Translation technology a game changer for people when travelling
Phocuswright 2019: Machine learning is already transforming our lives, says Google
Machine learning applied to translation is poised to have a huge impact on travellers, Google told the Phocuswright conference in Miami this week.
Oliver Heckmann, vice president of engineering at the search giant, used an example of him speaking in German to French emergency services who did not speak German while on holiday and being understood.
He said the application of machine learning technology has turned Google Translate into a very powerful and real-time service.
“Language is a very obvious obstacle or friction point when users are travelling,” he said.
Heckmann said over the last five years machine learning and artificial intelligence have “transformed the way computer science works.”
“Some are calling what we are seeing now as the beginning of a second machine age. This is not limited to machines, it’s impacting all parts of our lives.”
Heckmann said AI – making machines intelligent – gets used more as a marketing term about IT products and does “not really carry any meaning” but he said machine learning is the more important term.
“It’s taming computational power and data and have machines learn from themselves. It has seen a big break through in the last five or six years.”
This step change has been brought about by the application of “deep neural networks” that emulate how the human brain works.
In translation this is allowing much faster processing without the need to hire lots of linguists and work on each language pairing because the technology is capable of learning about the rules and structure of language so that it can apply this automatically.
This means machine translation can be done more accurately, less expensively, at scale and at the speed of conversation and it can also deal with different dialects and accents.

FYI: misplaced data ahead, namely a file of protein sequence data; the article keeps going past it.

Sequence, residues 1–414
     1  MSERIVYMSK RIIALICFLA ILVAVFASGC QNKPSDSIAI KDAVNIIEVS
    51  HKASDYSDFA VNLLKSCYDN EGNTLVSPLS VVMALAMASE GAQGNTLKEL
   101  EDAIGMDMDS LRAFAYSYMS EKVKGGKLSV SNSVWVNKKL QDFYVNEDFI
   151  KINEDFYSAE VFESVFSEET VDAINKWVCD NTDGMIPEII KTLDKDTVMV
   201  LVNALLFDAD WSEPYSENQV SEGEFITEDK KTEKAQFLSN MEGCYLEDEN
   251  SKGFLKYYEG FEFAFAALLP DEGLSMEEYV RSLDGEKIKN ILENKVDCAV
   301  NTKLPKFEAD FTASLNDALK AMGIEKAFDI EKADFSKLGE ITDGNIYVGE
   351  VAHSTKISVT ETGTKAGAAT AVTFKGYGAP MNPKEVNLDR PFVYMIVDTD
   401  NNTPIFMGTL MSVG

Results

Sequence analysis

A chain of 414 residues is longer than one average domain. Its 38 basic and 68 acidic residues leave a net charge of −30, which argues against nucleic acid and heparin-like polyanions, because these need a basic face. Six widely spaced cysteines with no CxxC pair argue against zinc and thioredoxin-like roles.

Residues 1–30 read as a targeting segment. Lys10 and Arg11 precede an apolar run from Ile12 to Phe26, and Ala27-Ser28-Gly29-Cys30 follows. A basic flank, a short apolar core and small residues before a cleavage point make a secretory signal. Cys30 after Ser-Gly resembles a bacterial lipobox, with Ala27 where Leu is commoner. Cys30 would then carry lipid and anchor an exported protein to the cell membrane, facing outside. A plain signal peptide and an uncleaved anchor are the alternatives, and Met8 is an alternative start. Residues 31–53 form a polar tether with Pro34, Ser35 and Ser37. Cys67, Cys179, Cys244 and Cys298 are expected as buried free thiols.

“I’m very confident within the next decade machine translation will be at the same level as human translation quality. That’s a game changer for how people experience the world when they are travelling.”
Heckmann set out three other areas where he sees machine learning being applied to travel. The first was price insights and recommendations.
This will give customers the assurance that they have got the best price, or that they would be better off waiting for prices to fall, improving conversion.
Google says its users cite this among the most loved features that it offers on its own shopping platforms.
Heckmann said this data can be used to help firms decide whether to offer a time-limited promotion or a price guarantee with the promise of money back if it is found cheaper.
The second area Google sees machine learning being important is in customer service and improving the contact centre experience.
Natural language recognition means that machines can take the initial inquiry and then decide how to proceed, and it can also help human operatives have the information at hand when on the call.
The third area was online marketing. Machine learning can predict click through rates and can be used to determine the optimal placements of ads.
Heckmann said this allows firms to adapt their bidding strategy to be more intelligence and effective.
“Many of our partners are benefitting from that, using machine learning to drive growth in online marketing.”
He added: “Machine learning is making us reinvent all of our products. It is allowing us to build new products which were literally unthinkable just a few years ago.
“It makes out products more natural and more useful to the user. You can do the same thing. The technology is available for everybody to use.
“With respect to machine learning we are there. It’s changing the world of computer science, the world of travel and many other parts of our lives.
“How much can we do with it? We are still in the early phases. I’m pretty sure that the best ideas are actually still to come and maybe they are coming from someone in this room.”